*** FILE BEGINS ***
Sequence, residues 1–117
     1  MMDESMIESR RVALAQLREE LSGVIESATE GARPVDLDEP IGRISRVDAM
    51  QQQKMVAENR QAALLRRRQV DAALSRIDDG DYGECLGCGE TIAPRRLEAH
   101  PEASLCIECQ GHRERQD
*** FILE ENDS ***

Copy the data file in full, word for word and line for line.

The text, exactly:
Sequence, residues 1–117
     1  MMDESMIESR RVALAQLREE LSGVIESATE GARPVDLDEP IGRISRVDAM
    51  QQQKMVAENR QAALLRRRQV DAALSRIDDG DYGECLGCGE TIAPRRLEAH
   101  PEASLCIECQ GHRERQD